specifically it was a pretty thinly veiled hit on ted cruz saying that, you know, people who are saying this should remember that some of their people from their family came into this country on precisely the same way, as political refugees. that as i was saying was a thinly veiled hit on ted cruz. i just sat down with ted cruz here on the campaign trail in south carolina and asked him to respond to that. >> what barack obama and hillary clinton are proposing is that we bring to this country tens of thousands of syrian muslim refugees. i have to say particularly in light of what happened in paris, that's nothing short of lunacy. >> what would have happened if your father was trying to get from cuba to the united states and the political leaders here said, nope, we don't think so because who knows maybe you could be somebody who could, you know, commit crimes against america? >> that's why it's important to define what it is we're fighting. if my father were part of a theocratic and political movement like radical islamism,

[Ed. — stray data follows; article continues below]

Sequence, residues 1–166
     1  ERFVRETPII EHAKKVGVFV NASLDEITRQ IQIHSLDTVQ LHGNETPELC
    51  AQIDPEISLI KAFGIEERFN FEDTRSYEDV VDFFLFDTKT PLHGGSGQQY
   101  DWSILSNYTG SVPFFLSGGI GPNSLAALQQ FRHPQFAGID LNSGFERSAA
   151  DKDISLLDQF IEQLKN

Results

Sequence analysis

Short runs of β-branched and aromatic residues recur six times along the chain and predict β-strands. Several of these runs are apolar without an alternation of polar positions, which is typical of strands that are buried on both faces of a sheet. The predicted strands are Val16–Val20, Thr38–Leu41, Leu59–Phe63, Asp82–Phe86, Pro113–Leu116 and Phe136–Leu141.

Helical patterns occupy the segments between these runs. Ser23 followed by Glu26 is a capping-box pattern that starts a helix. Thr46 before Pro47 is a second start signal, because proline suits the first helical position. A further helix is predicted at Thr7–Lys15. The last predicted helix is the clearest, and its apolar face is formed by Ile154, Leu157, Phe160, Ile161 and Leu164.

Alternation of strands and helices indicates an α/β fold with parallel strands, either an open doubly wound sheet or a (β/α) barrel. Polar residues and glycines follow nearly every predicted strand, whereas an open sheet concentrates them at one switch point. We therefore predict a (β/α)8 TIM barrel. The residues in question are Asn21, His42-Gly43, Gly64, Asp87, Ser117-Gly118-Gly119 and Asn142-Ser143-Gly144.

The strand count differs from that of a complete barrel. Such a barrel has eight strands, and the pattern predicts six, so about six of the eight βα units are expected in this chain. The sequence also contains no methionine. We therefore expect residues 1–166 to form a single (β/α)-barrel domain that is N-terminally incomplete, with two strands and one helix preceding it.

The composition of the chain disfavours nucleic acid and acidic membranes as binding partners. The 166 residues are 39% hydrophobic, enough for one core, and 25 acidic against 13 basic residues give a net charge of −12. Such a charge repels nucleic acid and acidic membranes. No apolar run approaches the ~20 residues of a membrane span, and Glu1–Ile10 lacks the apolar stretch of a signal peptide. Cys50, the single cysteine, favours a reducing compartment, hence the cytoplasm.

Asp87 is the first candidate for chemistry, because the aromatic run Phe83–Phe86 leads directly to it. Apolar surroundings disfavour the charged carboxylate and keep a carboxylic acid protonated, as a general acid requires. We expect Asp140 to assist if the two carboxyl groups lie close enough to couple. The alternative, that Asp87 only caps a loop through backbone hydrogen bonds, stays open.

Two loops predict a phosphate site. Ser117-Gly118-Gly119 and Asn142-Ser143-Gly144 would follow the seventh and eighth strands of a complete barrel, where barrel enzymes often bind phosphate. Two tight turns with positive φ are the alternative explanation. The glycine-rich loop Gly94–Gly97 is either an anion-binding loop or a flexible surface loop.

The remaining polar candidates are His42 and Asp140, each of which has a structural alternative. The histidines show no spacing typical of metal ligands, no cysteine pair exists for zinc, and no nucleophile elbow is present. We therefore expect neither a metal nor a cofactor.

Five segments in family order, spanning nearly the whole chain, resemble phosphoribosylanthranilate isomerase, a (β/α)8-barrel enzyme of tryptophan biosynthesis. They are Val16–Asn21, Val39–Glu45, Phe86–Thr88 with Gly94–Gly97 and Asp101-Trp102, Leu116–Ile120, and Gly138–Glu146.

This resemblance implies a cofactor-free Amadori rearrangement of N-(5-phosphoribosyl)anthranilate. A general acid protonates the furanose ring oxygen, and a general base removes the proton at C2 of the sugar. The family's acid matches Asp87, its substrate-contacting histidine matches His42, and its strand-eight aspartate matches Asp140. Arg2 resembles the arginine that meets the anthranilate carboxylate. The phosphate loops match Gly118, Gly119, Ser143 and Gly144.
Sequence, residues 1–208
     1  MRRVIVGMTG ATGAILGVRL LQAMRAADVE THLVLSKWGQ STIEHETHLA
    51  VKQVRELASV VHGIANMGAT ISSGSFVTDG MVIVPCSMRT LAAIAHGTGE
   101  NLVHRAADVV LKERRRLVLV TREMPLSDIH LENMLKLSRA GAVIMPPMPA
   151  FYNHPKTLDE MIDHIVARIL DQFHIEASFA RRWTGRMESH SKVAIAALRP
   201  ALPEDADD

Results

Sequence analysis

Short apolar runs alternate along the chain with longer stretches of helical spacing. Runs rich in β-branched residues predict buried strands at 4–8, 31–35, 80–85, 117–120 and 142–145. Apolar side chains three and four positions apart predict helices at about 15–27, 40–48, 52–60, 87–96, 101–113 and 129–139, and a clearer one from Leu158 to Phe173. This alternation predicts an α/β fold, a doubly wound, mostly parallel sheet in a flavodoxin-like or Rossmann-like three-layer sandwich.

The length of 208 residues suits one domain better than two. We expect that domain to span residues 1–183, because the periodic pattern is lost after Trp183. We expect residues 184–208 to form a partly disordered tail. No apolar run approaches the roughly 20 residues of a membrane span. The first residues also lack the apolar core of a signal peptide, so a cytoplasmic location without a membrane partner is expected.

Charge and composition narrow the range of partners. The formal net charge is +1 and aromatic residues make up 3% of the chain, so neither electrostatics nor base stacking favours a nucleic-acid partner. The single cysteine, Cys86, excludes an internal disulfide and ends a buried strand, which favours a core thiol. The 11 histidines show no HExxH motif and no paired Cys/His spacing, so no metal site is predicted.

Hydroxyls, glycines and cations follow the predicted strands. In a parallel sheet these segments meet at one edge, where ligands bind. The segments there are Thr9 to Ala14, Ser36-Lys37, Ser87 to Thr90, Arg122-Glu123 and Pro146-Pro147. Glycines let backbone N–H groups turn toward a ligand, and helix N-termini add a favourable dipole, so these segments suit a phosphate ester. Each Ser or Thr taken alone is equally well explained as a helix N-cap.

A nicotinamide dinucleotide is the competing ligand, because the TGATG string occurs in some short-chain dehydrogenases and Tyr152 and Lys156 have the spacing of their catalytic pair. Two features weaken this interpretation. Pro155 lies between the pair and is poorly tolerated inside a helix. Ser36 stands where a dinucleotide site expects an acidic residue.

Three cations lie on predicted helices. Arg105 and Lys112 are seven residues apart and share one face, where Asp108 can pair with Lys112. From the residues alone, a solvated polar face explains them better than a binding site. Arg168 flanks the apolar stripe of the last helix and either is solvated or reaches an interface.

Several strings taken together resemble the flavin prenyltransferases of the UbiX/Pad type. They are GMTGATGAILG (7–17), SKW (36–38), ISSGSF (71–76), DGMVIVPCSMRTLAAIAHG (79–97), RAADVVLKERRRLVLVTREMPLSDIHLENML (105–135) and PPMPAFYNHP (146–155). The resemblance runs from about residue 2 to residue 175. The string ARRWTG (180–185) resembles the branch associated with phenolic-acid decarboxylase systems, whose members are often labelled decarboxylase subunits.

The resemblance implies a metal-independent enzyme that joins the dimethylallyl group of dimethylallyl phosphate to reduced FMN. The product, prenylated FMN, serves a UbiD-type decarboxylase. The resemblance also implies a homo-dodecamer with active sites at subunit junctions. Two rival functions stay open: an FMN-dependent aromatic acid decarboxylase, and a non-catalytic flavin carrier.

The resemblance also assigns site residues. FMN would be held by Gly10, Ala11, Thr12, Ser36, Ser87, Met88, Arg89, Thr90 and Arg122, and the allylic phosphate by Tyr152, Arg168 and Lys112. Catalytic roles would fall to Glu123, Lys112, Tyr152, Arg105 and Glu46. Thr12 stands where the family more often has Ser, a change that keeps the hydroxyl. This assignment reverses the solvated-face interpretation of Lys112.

that promotes murdering anyone who doesn't share your extreme faith or forcibly converting them, then it would make perfect sense. >> and, jake, ted cruz also told me that this week he plans to introduce legislation that would ban muslim syrian refugees from coming into the united states. so as you can imagine he is applauding the move by governors across the country including in his home state today of texas saying that they would not let any refugees into their states. jake. >> dana, has there been a reaction today from the u.s. state department? >> there has. and their reaction is that they are going to go forward with these programs, go forward with allowing refugees from syria to come into the united states. they are going to do so at the state department insists with an eye towards security as they say they were already doing. so they say that this is still a go when it comes to the